I understand that grotesque humor is something funny arising out of something tragic or painful, but I don't see anything funny about "The Celebrated Jumping Frog of Calaveras County." I think that...

I understand that grotesque humor is something funny arising out of something tragic or painful, but I don't see anything funny about "The Celebrated Jumping Frog of Calaveras County." I think that it is kind of painful to have to read it, so I can relate to the narrator finding it painful to have to listen to Simon Wheeler tell the story, and I get that the narrator's friend probably set him up by telling him to ask Wheeler about Rev. Smiley so the whole thing is a bit of an elaborate prank, but I'm supposed to list several examples of grotesque humor. What is my teacher looking for?

Asked on by suscausey

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Stephen Holliday | College Teacher | (Level 1) Distinguished Educator

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First. the term grostesque humor is loosely defined as something comic and based on a character or event that is painful to see and funny at the same time, bizarre, abnormal, unnatural--it makes you laugh or smile, but you feel uneasy about it.  Grotesque humor arose out of art and sculpture during a period in the 19thC. known as the Gothic Revival, which was based on art and sculpture during the Gothic Period (from the 12thC. to the 16thC).  Many Gothic cathedrals, for example, are decorated with sculptures of gargoyles, frightening and fanciful monsters, and next to the gargoyle, there might be the sculpture of a man who happens to be picking his nose.  That is an example of what came to be known as grotesque humor.

Twain's "The Celebrated Jumping Frog of Calaveras County" could be said to be an example of  grotesque literature because the entire story is based on a bizarre, abnormal character, Jim Smiley, who will bet on anything.  The first grotesquerie, that is, a scene or event that is grotesque, is Smiley's willingness to bet on life and death as if he is betting on the next day's weather:

Parson Walker's wife laid very sick once . . . and Smiley asked how she was, and he [Walker] said she was considerable better thank the Lord . . . and Smiley, before he thought, says, "Well, I'll risk two- and-a-half that she don't, any way."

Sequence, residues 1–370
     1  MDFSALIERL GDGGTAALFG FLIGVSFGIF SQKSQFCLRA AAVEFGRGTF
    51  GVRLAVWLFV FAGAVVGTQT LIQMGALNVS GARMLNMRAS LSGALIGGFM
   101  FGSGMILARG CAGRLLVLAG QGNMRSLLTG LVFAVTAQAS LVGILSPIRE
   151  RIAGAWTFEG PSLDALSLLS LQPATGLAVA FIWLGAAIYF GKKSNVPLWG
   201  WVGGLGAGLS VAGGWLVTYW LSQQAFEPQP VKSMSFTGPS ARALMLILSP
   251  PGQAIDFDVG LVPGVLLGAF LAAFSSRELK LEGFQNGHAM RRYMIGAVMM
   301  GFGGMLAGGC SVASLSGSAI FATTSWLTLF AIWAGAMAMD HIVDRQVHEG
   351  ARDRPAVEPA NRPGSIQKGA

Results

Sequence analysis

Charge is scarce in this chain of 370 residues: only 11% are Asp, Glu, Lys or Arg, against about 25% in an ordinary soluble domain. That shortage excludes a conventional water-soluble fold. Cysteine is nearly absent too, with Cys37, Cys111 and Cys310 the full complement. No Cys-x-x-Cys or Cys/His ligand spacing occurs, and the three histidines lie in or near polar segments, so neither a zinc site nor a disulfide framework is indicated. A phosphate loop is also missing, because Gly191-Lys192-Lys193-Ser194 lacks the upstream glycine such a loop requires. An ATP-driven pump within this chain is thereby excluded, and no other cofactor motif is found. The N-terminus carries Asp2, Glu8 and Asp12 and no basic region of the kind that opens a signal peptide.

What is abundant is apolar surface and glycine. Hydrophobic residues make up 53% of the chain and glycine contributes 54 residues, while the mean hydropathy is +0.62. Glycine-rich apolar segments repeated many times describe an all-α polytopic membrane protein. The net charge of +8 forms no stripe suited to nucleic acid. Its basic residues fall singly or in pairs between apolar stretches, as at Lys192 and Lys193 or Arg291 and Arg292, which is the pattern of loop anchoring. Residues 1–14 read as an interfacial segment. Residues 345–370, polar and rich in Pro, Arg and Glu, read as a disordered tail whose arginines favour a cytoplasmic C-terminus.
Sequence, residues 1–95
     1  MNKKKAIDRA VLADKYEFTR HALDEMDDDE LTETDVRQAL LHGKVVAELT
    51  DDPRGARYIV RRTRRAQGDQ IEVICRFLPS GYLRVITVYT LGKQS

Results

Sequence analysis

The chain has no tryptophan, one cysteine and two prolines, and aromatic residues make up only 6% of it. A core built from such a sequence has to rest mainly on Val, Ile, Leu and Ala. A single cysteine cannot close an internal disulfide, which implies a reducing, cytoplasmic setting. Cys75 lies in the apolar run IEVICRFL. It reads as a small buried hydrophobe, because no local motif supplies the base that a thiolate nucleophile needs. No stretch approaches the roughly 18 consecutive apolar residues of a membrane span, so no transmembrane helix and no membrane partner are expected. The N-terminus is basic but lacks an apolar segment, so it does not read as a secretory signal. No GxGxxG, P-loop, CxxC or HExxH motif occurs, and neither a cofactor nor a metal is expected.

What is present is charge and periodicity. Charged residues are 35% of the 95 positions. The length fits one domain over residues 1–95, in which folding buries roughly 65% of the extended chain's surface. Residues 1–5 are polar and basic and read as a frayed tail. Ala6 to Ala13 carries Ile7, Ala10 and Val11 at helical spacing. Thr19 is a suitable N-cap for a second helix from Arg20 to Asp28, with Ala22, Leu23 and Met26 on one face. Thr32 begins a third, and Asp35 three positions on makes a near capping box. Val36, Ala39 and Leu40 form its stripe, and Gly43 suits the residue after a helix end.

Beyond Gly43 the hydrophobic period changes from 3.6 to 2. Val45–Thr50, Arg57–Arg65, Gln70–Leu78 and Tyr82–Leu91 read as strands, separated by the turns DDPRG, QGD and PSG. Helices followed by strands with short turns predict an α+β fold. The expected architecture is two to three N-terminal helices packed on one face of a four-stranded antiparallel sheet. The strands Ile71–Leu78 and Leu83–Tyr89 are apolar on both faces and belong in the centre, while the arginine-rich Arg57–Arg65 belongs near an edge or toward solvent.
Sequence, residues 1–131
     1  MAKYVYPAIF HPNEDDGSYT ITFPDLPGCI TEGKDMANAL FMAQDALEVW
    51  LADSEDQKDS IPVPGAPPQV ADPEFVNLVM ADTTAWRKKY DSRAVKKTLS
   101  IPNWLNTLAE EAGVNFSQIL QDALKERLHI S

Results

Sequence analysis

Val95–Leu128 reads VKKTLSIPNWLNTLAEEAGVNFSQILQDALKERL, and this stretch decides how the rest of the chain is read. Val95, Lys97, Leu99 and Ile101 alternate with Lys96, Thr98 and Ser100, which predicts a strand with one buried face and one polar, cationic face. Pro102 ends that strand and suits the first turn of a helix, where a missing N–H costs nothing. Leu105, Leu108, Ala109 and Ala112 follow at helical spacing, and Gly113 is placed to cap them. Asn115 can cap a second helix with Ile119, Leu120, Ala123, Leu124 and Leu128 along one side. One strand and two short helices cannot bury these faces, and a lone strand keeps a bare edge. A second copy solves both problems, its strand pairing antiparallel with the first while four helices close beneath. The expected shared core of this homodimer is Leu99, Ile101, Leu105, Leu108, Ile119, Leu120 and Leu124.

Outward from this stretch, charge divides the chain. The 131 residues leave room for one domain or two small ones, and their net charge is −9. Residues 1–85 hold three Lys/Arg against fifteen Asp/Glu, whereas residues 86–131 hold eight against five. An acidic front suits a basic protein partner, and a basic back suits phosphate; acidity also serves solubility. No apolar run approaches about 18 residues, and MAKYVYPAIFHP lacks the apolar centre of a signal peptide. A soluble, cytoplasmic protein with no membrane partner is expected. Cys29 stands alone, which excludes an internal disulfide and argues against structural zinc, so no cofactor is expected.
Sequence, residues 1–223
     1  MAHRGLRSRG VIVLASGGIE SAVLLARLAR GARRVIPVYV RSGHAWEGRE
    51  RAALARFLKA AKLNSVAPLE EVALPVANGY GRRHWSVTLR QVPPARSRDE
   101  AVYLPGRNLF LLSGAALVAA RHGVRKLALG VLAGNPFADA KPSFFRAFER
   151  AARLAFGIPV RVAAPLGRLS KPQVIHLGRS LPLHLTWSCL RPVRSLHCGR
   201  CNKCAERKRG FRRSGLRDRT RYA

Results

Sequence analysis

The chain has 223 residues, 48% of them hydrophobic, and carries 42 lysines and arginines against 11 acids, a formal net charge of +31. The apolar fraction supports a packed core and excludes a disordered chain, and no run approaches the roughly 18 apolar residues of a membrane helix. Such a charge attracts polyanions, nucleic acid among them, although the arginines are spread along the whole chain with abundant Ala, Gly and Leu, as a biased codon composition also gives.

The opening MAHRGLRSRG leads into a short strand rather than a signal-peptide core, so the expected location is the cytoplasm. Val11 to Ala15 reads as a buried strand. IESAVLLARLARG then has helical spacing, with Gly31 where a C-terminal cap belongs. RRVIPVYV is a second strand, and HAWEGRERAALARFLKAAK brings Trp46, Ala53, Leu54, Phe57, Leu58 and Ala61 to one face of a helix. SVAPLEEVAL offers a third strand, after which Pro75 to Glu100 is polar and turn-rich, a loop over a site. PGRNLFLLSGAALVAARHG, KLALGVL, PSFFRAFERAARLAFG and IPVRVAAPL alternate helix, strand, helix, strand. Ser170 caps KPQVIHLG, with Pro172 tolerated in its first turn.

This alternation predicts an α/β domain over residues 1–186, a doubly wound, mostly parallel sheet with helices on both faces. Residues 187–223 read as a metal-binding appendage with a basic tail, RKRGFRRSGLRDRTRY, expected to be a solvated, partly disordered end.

The grotesque humor here, of course, is that Jim Smiley is such a habitual gambler that he fails to make any sort of moral calculation about his bets, and he wagers that his friend's wife will die without any consideration for Reverend Walker (or his wife).  In this story, Twain has created a character whose view of the world, seen through the lens of his gambling addition, is upside down, the perfect situation for grotesque humor.

Later, Jim Smiley decides that he wants to have a dog fight between his dog, Andrew Jackson, a good fighter, and another dog that is sure to lose.  His choice of the dog is another grotesquerie:

. . . he harnessed a dog once that didn't have no hind legs, because they'd been sawed off by a circular saw. . . .

For most readers, this is a painful scene because of the dog's condition, but Twain converts the purely grotesque into grotesque humor by having Andrew Jackson lose the fight because his main fighting technique--latching onto another dog's hind legs and holding on--is useless because there are no hind legs to latch onto.  Even as we smile, however, we are thinking uncomfortably about a dog with no hind legs.

The celebrated frog, too, provides some grotesque humor when Smiley's opponent fills him up with quail shot, which makes it impossible for him to jump.  As we smile or laugh at Jim Smiley's losing another bet, we are also aware that the frog has been treated inhumanely.  

Smiling or laughing, while feeling uneasy about smiling or laughing, is the hallmark of grotesque humor.  Clearly, Twain, who adopted grotesque humor as a consistent literary technique in most of his stories and novels, enjoys making his readers laugh and feel guilty about it.

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